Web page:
• Long time to value: Users often look for quick wins. If a feature takes too long to deliver tangible value or the benefits are not immediately apparent, users may lose interest and disengage.

How to identify drop-offs for features

Analytics tools play a critical role in identifying drop-off points. While you can use a single method to identify friction points, combine different methods to glean the most value from your analysis.

Let’s explore how this is done with the best tools for the job.

1. Identify where users drop off with funnel analysis

Funnel Analysis tracks the user journey through a series of steps toward a defined goal, such as discovering and using a feature.

It helps to identify at which stage users drop off, providing insights into potential issues or friction areas within that journey.

Analytics tools such as Userpilot let you conduct funnel analysis and generate reports to spot drop-offs across various features.

For example, by examining a funnel analysis report, you can see a sharp decline in progression between steps, suggesting friction.

Funnel report generated with Userpilot.

2. Track user paths for your feature with path analysis

Path analysis visualizes the various routes users take through your product, revealing how they navigate towards and within specific features. Each stage in this analysis comprises a feature users engage with, an event they complete, or a page they view.

You can also track drop-offs for every path as users move from one stage to another. This helps identify exactly where they face trouble.

User path analysis in Userpilot.

3. Monitor how users interact with your UI with heatmaps

Heatmaps use color overlays to show where users click, hover, and scroll on your app interface.

As in the image below, hot areas with vibrant colors indicate high engagement, while cooler zones mean fewer instances of interaction.

Heatmap reports help you get granular with user behavior tracking. You can spot features users repeatedly engage with and the ones they completely ignore. You can also spot how new features perform by tracking their UI interactions.

Generally, low engagements signal drop-offs, while increased user activity indicates that users value the feature.

Features heatmap report in Userpilot.

4. Track feature retention with cohort analysis

Cohort analysis divides users into groups based on shared characteristics (such as sign-up date) and tracks their behavior patterns over time.

This analysis helps you measure how many users return to perform the same event. By conducting regular cohort analysis, you can identify which features have high and low retention rates and how they contribute to overall product retention.

Cohort analysis with Userpilot.

5. Collect user feedback to ask users where they face friction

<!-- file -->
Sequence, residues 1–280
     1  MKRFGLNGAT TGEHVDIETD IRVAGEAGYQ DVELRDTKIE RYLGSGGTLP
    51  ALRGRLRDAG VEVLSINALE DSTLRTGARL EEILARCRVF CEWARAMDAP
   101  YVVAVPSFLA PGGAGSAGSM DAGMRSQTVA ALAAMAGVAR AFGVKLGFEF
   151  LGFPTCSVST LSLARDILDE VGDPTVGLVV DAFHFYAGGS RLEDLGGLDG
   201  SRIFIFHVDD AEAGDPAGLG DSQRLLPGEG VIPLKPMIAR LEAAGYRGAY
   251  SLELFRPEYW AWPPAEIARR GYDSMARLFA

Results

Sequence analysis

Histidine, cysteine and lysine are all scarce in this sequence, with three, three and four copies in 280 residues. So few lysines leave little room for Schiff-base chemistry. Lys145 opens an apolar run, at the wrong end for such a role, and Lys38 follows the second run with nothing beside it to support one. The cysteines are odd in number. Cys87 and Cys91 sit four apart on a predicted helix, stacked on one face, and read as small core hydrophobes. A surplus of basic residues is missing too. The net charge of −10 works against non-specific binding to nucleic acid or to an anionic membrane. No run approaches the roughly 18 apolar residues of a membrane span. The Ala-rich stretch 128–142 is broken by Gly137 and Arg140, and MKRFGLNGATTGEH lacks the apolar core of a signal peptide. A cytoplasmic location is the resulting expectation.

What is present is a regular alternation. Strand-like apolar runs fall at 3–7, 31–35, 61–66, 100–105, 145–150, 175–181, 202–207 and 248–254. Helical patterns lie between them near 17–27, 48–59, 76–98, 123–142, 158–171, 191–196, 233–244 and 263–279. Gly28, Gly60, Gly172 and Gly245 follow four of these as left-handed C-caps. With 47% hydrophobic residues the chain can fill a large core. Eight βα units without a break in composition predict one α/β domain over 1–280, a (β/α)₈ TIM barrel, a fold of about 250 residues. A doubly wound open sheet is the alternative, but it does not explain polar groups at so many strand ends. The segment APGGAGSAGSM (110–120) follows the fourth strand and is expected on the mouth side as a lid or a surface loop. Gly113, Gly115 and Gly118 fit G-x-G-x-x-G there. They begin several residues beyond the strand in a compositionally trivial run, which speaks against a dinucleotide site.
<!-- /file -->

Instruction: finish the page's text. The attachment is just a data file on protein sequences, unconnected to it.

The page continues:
Feedback surveys help you hear from your users directly. Gather both quantitative and qualitative data regarding how your users feel and identify friction areas other report types might be missing.

For example, a feature might be popular with your users but still be hard to use. In such a scenario, a heatmap or a funnel report cannot highlight the perceived difficulty. A CES survey, on the other hand, can help you collect direct feedback regarding how easy it is to use.

You can also ask users to expand on their responses with open-ended questions, giving you deeper insights related to their experiences.

Customer effort score survey created with Userpilot.

Related metrics that help measure drop-offs

Track the following metrics to spot drop-offs in your product easily:

  • Product stickiness: This metric measures how often users return to your product over a specific period. The easiest way to track product stickiness is to find your daily active users to monthly active users ratio. A high stickiness score suggests users find continuous value in your features, meaning you see fewer drop-offs.
  • Feature activation rate: This measures the percentage of users who start using a feature after discovering it for the first time. It assesses the initial appeal and ease of using your features. Low activation rates may signal usability issues or a lack of a clear value proposition, leading to drop-offs.
  • Feature adoption rate: This metric tracks the percentage of users that incorporate your features into their workflows and continue using them over a specific period. If you have a good activation rate but poor product adoption, your feature might have usability issues.
  • Retention rate: The retention rate is the percentage of users who continue using your features long after adoption. Declining retention is a sign of drop-offs.
  • Churn rate: This metric is the opposite of the retention rate; it measures how many users stopped engaging with your app in a given period.